“They Live By Night”

They Lived By Night” (1949)

Director Nicholas Ray, best known for helming “Rebel Without a Case,” made his debut with this outlaws-on-the-run thriller. With Farley Granger and Cathy O’Donnell, it’s the classic case of man breaks out of jail, hops into a young woman’s car, and the two fall madly in love. Their bond is tested as they run from the authorities and hoodlums. The title includes a 2K restoration and videos analyzing the film.

“In A Lonely Place”

In a Lonely Place” (1950)

Back in college, I was introduced to this film starring Humphrey Bogart and Gloria Grahame in an art history class. It was paired with another Bogart noir flick “The Big Sleep.” I preferred the film Bogart starred with in Laura Bacall. It was fun to watch, but “In a Lonely Place” is a more artful, dark movie. This is another Ray entry, with Bogart as a Hollywood screenwriter framed for murder. Grahame is his neighbor who gets tangled up in his situation by serving as his alibi. A documentary on Ray and a radio adaptation of the novel from which the film is based are included with the title.


Rififi” (1955)

Film noir was a term coined by French critics describing the gritty American films of that time. American director Julius “Jules” Dassin fled to France after he was blacklisted during the McCarthy era. Having already made tides in the genre with “The Naked City,” inspired by and working with famed photographer Weegee, Dassin released this French title about a group of criminals who pull off a jewel, but the aftermath becomes their downfall. The two-disc set includes an English-dubbed version and set design drawings.

“The Killing”

The Killing” (1956)

This is my favorite Stanley Kubrick film. Starring Sterling Hayden, Elisha Cook Jr. and a cast of crazies, a squad of thugs of various talents try to take the winnings at a race track. Loose lips, hidden agendas and bad timing get in the way. Included in the title is a restoration of “Killer’s Kiss,” a riveting thriller that clocks in at an hour. You get two movies for the half-price of one.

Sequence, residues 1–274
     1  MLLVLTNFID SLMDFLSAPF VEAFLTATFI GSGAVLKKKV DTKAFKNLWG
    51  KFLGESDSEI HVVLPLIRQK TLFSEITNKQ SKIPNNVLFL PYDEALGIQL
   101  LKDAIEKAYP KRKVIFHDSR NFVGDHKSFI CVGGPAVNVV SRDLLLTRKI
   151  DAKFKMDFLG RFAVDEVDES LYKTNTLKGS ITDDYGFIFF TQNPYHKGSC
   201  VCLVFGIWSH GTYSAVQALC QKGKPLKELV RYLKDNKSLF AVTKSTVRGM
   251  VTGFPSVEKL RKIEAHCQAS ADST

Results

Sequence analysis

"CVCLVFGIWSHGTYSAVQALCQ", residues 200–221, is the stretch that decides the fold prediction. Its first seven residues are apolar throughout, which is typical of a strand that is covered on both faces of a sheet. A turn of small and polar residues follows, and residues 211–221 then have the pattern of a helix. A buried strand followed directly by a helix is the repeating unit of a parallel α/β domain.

“High and Low”

High and Low” (1963)

Japanese filmmaker Akira Kurosawa is best known for directing epics like “Seven Samuri,” “Rashomon” and “Throne of Blood,” but the auteur takes what seems like a detour with “High and Low.” Toshiro Mifune, a frequent star in Kurosawa’s films, plays a wealthy executive at a shoe company whose son is the target of a ruthless kidnapper. The police procedural shows how film noir is borderless and not limited to only Western filmmakers. The title includes a behind-the-scenes documentary and a rare interview with Mifune.


“Following” (1998)

Nearly anything that has film noir elements that is not set in the times of Orson Welles and fictional character Philip Marlowe and was made after 1960 is considered neo-noir. Movies like Erik Skjoldbjærg’s “Insomnia” and Michael Mann’s “Thief” come to mind. Christopher Nolan made his directing debut with “Following” about a young writer (who is only credited as Young Man) who follows random people in London in hopes of finding inspiration for his first novel. He becomes intrigued by a man named Cobb and gets too deep into trouble. At 70 minutes long, it packs in so many twists that it will leave you had spinning. When I first watched it, I immediately had to see it again. Alternative edits and a short film are included with the title.